Appreciating Silicon Valley’s Ecosystem

A few days ago I was hosting a foreign government delegation visiting our area in an effort to understand Silicon Valley’s ecosystem and economic development model, and use it as a template for creating or improving their own innovation-driven economies.  Many countries but also US regions send such delegations here.  Over the course of three days we met with entrepreneurs, investors, bankers, startup advisors, university professors, corporate executives, and lawyers.  While I’ve lived in Silicon Valley for the past 20 years, 10 as a startup founder and corporate executive, and 10 as VC, and consider myself an active member of this ecosystem, visits like last week’s bring to focus the Valley’s uniqueness, efficiency, and adaptability.

In a previous post I wrote that people, universities and research labs, risk capital, and modern infrastructure (legal, financial, physical, technical) make up Silicon Valley’s basic ingredients.  But during this three-day visit I was able to really appreciate:

  1. Stanford’s central role in this ecosystem.  Fifty years after Professor Terman started what is we now know as Silicon Valley, Stanford continues to be not a mere member of the Valley’s ecosystem but its core.  It appears that each one of its students is a potential entrepreneur ready to start or participate in an innovative company.  Professors advise students on company concepts, often fund these concepts, and actively participate in the resulting companies.  Science and business classrooms, cafeterias, and the hallways of the campus buildings are the places where ideas are exchanged and where teams are formed.  Recognizing the quality of faculty and students and the IP they create, investors “walk the hallways” in search of the next fundable idea.  The University actively encourages the smooth flow of IP from its labs to the startups knowing that it will benefit from their success in multiple ways, as the founders of HP, Google, Yahoo, and of countless other companies have demonstrated over the years.
  2. The ease with which university professors, laboratory researchers and students move between academia and industry, research and development.  These people know that without repercussions they can leave their academic or research positions to start companies and create a product or service out of the IP they created in their labs.  But they also know that they can as easily return to their old positions to continue their academic or research endeavors.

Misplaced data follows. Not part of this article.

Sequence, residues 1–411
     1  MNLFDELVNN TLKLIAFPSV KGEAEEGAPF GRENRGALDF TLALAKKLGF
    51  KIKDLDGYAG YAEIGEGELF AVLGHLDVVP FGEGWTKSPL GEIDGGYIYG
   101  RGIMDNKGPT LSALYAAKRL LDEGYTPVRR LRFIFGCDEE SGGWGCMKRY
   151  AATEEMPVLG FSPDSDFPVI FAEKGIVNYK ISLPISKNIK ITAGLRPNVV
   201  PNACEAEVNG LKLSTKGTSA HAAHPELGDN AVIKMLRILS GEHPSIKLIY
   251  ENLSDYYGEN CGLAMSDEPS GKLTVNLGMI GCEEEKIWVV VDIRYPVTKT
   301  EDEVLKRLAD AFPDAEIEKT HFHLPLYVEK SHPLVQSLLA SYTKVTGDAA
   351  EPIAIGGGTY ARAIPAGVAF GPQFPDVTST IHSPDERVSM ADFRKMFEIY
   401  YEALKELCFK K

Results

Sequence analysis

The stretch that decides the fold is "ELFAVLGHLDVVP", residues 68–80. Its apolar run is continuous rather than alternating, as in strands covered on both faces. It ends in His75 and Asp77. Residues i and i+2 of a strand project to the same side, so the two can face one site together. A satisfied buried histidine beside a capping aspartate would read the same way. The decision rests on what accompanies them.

3. The willingness and drive to rapidly prototype an idea, test it with prospective customers, evaluate the results, repeat the success and discard the failure, learn from either outcome, change/pivot as appropriate, and try again.
  4. The ecosystem’s completeness, connectedness, efficiency and high execution speed.  Many have spoken about the ecosystem’s characteristics but only as you drive from a meeting in Palo Alto (Trident Capital) to one in Mountain View (Fenwick and West) and back to one in Menlo Park (Silicon Valley Bank) you come to realize the efficiency advantages offered by close proximity (VCs, lawyers and bankers within a 10-mile radius).  You also realize the advantages of being part of a people-network that has been created and strengthened over many startup-related transactions, focuses on the entrepreneur, and is based on openness, trust, sharing knowledge (successes and failures) and optimism.
  5. The entrepreneurs’ ability to select investors and advisors not based on the money they can invest, but based on the value they bring (connections to customers, connections to executives, help anytime and anywhere on anything from closing the next customer, interviewing and helping to hire the next executive, to refining the business model).

Several countries from around the world, but also many US regions, are trying to replicate Silicon Valley’s ecosystem and economic model in the process of creating innovation- and entrepreneurship-driven economies.  Successful will be the ones that analyze this ecosystem and model and properly adapt them, rather than trying to directly copy them.  In their analysis and adaptation they must take into account their regional characteristics, peoples’ competencies and temperaments, university environments and IP portfolios, as well as their overall economic environments.  While they will make mistakes, they need to remain optimistic, flexible and be willing to experiment, analyze, pivot if necessary and try again until they get it right, just like everybody in Silicon Valley does.

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Seasoned venture investor, senior advisor to global corporations, and a recognized thought leader in big data, digital platforms, and corporate innovation. Author of the book The Big Data Opportunity In Our Driverless Future. Founder and Managing Director of Synapse Partners, a firm that invests in early-stage companies developing applications that combine artificial intelligence with big data. Previously Managing Director with Trident Capital and Apax Partners. Prior to his investing and advisory work, Evangelos had more than 20 years experience in high-technology industries, in executive roles spanning operations, marketing, sales, and engineering. He was the CEO of two startups. He is a member of Caltech’s advisory board, the Advisory Board of Brandeis International School of Business, and the advisory board of Center for Urban Science and Progress. In 2014, he was named a Power Player in Digital Platforms. Evangelos earned a Ph.D. in computer science from Brandeis University and a B.S. in electrical engineering from Caltech.